It’ll be a week of meeting old friends and seasonal festivities so I won’t have time to write anyway. I plan to stay here in Quilmes for at least a couple of weeks – this is not an adventure tour, I´m here to hang out with my mother’s elderly family who I haven’t seen for 11 years.

I’ve arrived in a heat wave, it’s 35 degrees Celsius in the shade, and feels like 45 because of high humidity. Quite a shock after I’ve just been training my body to generate loads of heat for sleeping outdoors at freezing temperatures. Hopefully the storm and the rains will come and then things will be back to the normal 30 Celsius…

No Sleeping Bag and No Down Suit

Sadly, after our fun little holiday in Wales, I’m not seeing the lovely architect anymore. We didn’t have any argument, in fact I’ve never had an argument with a girlfriend before; it’s just that we want different things from a relationship, and neither of us is prepared to compromise. She is a beautiful girl; beautiful, kind and compassionate, with a heart twice the size of her body. She is definitely unique. I miss her warm hugs, but we’re still friends, and I look on the bright side: I get to spend a lot more nights outdoors in the Autumn and Winter, so I can test out different sleeping arrangements.

A month ago I described how I was planning to sleep outdoors without a sleeping bag by wearing lots of clothes stuffed with goose feather down. These clothes included a pair of trousers, a pullover and a vest all filled with the highest quality goose down and made by Peter Hutchinson Designs in Cheshire. The vest was worn under the pullover.

As documented in previous blog posts the down suit kept me very warm but I got frustrated because the weather wasn’t cold enough to test it properly – it only got down to about 4 degrees Celsius – and I wanted to know if this arrangement would be warm enough for the whole Winter.

So I decided to make my experiment more extreme and try sleeping out for a night without the down trousers and without the down vest. They’re not the most practical items that I’d wear during the day, I only bought them to see if they’d be warm enough to be able to sit outside and read or to sleep on the coldest nights of Winter. If I can sleep warm enough without them, at least for most of the year I won’t need to carry them around.

Lets look at all the clothes I carry with me inimage the late Autumn. To the right you can see how I currently dress to cycle around. Stiff SPD shoes, running leggings (because the padded cycling type take too long to dry), a thermal long-sleeved top (black), a bright yellow cycle jersey, a balaclava in neck-warmer configuration and the rest of my possessions in a backpack. It’s my attempt at combining practical thermal clothing with aerodynamic cycling. This is what I wear for most of the day.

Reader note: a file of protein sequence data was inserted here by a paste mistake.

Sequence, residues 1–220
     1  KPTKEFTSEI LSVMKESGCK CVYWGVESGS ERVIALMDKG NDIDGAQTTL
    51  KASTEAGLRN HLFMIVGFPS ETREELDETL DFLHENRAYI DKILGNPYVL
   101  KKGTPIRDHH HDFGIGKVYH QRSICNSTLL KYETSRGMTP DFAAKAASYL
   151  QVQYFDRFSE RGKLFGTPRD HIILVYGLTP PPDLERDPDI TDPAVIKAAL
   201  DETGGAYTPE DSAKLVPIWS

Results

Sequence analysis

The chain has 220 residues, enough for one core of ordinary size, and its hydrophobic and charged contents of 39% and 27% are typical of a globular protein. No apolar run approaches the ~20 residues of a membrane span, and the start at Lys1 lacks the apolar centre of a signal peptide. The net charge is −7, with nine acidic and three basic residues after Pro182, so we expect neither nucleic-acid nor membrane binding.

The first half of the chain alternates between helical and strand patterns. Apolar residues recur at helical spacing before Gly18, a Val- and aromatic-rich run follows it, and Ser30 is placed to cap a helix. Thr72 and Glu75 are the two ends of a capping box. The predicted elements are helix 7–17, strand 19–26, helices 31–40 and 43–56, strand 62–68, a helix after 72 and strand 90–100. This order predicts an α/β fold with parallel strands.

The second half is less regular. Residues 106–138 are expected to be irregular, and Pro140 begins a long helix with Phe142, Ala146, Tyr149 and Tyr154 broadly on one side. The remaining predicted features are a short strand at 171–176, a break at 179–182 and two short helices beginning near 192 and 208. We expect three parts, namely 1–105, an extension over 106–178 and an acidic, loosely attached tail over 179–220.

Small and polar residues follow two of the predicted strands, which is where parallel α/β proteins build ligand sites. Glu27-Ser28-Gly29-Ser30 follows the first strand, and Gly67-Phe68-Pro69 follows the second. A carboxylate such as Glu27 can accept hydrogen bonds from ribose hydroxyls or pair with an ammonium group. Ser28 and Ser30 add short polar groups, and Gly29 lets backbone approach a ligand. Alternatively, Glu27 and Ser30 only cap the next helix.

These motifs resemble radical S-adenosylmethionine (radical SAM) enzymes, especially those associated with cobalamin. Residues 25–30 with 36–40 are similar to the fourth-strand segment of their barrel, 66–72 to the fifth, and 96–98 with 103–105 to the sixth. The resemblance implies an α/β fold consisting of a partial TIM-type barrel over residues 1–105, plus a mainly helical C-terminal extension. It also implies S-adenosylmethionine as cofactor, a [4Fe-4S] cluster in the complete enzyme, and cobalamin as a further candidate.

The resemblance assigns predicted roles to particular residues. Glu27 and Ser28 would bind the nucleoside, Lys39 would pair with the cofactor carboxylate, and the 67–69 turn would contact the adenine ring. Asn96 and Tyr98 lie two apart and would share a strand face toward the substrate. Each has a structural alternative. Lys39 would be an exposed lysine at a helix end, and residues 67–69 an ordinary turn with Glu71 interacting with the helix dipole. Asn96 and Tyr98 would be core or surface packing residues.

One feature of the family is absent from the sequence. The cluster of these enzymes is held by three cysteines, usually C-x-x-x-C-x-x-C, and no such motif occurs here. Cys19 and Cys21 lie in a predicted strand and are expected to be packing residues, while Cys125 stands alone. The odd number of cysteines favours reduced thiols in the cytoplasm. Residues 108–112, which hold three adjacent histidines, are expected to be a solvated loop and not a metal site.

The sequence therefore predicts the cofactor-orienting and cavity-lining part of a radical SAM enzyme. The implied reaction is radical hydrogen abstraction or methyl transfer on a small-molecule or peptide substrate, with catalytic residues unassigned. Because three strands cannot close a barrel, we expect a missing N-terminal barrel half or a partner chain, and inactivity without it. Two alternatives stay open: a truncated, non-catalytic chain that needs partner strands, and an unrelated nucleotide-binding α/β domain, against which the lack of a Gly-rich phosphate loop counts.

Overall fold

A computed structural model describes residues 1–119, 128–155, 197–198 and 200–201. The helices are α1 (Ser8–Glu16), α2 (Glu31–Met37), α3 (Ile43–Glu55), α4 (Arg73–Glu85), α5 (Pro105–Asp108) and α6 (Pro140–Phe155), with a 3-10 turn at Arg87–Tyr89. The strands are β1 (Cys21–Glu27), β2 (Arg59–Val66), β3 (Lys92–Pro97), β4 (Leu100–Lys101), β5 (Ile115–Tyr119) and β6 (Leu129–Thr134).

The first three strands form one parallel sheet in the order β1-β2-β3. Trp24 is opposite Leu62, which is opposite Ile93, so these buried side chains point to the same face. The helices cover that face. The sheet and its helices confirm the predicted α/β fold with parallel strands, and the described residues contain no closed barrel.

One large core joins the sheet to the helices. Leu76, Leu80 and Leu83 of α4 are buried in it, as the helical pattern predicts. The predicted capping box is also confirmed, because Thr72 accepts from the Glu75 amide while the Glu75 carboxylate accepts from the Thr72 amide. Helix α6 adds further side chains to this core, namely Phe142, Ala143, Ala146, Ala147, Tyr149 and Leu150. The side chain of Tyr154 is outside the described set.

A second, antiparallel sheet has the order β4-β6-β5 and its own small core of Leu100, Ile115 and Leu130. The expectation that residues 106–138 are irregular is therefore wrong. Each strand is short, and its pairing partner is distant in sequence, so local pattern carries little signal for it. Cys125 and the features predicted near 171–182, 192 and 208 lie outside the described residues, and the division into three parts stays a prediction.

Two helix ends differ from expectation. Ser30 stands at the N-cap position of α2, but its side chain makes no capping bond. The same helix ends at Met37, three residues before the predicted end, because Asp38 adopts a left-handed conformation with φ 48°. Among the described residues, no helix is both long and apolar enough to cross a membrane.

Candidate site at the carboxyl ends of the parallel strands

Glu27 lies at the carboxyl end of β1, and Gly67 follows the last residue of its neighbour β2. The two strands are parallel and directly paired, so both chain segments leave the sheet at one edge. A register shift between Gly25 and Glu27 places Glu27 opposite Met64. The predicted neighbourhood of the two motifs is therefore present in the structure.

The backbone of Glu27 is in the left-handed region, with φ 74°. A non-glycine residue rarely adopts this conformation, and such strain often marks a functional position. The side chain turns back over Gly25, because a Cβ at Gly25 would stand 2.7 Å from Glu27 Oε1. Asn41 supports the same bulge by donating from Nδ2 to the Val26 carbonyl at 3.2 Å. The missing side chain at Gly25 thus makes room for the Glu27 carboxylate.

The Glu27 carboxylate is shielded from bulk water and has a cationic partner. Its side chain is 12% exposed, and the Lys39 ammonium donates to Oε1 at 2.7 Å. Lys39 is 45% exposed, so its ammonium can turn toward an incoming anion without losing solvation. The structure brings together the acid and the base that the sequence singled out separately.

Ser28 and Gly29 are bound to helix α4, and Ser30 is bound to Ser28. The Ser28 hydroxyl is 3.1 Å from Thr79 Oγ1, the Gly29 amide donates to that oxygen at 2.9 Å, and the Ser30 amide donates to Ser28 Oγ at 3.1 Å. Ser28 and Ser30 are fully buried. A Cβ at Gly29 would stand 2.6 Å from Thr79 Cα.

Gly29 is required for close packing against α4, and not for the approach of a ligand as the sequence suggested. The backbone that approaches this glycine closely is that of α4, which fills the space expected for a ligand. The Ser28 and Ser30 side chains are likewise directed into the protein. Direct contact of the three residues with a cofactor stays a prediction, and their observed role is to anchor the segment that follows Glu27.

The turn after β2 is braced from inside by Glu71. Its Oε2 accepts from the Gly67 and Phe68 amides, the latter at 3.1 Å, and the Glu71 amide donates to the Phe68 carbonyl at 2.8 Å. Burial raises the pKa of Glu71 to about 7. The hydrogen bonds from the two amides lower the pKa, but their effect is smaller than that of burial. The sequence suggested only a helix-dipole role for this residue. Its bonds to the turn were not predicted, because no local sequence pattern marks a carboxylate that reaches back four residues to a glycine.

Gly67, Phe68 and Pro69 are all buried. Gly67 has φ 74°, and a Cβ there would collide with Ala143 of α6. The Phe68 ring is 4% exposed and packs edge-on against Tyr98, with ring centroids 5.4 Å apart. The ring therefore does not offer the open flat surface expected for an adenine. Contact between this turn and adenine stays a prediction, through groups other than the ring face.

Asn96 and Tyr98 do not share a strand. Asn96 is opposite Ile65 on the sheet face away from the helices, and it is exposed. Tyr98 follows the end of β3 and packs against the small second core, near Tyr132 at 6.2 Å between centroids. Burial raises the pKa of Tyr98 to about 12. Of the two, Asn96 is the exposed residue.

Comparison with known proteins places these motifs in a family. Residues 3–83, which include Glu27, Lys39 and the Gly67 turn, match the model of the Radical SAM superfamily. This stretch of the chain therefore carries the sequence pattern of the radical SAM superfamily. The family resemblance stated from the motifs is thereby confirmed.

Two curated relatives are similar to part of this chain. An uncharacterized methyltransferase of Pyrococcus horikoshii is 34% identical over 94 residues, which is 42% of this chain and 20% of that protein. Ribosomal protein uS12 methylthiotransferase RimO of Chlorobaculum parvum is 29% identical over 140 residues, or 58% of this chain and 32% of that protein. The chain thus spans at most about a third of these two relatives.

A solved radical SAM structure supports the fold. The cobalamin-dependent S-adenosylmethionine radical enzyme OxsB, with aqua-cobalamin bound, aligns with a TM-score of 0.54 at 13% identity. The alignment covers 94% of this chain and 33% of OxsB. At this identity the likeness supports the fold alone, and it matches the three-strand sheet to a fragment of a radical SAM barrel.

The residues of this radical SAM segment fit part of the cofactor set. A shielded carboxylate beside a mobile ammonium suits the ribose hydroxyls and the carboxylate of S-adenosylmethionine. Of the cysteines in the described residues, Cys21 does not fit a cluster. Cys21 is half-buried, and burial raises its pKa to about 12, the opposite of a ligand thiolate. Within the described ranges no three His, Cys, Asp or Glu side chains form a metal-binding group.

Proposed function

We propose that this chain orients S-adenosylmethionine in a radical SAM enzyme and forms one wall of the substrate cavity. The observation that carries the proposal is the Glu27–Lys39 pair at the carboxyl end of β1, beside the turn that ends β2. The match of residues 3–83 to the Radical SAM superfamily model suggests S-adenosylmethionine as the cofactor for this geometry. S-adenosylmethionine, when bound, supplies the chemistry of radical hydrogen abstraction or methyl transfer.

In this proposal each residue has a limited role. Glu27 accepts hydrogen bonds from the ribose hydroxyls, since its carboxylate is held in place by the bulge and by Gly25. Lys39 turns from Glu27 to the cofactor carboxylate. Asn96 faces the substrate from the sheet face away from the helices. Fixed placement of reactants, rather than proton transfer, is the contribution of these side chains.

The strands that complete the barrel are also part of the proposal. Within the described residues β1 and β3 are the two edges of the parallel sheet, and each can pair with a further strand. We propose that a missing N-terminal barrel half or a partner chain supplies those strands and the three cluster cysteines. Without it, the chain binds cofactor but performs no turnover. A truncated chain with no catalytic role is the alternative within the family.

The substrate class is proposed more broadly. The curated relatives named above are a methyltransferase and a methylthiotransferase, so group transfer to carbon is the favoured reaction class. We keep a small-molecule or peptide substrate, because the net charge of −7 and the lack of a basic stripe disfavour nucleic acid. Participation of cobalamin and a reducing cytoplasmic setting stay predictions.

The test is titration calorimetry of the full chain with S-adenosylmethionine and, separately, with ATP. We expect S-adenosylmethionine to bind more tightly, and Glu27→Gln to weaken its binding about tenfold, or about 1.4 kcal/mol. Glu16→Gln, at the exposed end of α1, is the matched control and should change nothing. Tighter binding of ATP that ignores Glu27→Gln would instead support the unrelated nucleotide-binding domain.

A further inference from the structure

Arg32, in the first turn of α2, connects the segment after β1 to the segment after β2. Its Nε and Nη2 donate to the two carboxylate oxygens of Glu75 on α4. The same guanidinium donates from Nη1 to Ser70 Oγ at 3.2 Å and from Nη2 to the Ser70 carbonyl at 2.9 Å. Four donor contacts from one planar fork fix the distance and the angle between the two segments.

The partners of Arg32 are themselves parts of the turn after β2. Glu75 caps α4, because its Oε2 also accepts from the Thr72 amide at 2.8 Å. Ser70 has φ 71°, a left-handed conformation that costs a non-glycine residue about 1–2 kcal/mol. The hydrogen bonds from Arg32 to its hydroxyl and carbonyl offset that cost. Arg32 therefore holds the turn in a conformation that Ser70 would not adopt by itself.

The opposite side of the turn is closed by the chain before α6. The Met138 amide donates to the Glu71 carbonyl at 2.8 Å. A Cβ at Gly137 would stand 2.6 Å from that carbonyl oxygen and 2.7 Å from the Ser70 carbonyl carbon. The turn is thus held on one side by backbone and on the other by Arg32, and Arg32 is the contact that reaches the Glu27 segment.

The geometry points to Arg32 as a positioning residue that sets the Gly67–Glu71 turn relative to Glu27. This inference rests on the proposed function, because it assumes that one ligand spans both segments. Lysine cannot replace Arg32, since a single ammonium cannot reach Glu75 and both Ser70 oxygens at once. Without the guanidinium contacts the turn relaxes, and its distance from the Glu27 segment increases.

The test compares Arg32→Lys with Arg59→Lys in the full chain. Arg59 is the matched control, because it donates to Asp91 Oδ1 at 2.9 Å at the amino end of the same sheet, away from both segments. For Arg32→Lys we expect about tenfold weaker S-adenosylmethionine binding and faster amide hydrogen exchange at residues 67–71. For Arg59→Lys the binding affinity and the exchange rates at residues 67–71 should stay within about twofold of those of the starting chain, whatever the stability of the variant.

Then I switch to evening configuration:

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Ultralight

As you may have noticed I’m on a mission to find out how few material possessions I need to survive, and maintain a wholesome lifestyle. This will enable me to travel light and fast and have more fun adventures. Apart from my goose feather down clothing and the synthetic clothes which I wear cycling, this is everything I currently carry in my bag:

For an inventory list including the contents of my piano tuning kit please see my new page entitled Stuff, where I describe everything I need for this lifestyle and explain why certain ‘essentials’ got left out.

For a while now I’ve been travelling in the ‘ultralight’ category. Wikipedia gives a good intro to Ultralight Backpacking:

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The Trial Continues

I spent a few more nights sleeping outdoors in London with no sleeping bag. They weren’t very cold but still a good opportunity to get used to the arrangement.

The first evening I cycled up towards Kentish town where I had a piano to tune the following day. For part of the journey I cycled next to an Irish astonault who had lost his rocket, gotten drunk and taken off on a Boris bike!

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I stopped at St Pancras International Station to use the 24 hour toilets and to my delight I discovered that the street pianos were still there. They normally remove them after the Summer but they had left two in the station. This one is an old over-damped Brinsmead, about 100 years old: